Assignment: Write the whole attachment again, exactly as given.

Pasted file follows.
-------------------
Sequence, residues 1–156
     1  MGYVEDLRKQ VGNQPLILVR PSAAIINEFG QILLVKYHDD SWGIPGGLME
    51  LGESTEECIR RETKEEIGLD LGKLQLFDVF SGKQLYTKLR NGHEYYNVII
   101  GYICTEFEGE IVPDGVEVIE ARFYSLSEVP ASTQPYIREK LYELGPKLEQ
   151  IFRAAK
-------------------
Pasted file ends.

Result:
Sequence, residues 1–156
     1  MGYVEDLRKQ VGNQPLILVR PSAAIINEFG QILLVKYHDD SWGIPGGLME
    51  LGESTEECIR RETKEEIGLD LGKLQLFDVF SGKQLYTKLR NGHEYYNVII
   101  GYICTEFEGE IVPDGVEVIE ARFYSLSEVP ASTQPYIREK LYELGPKLEQ
   151  IFRAAK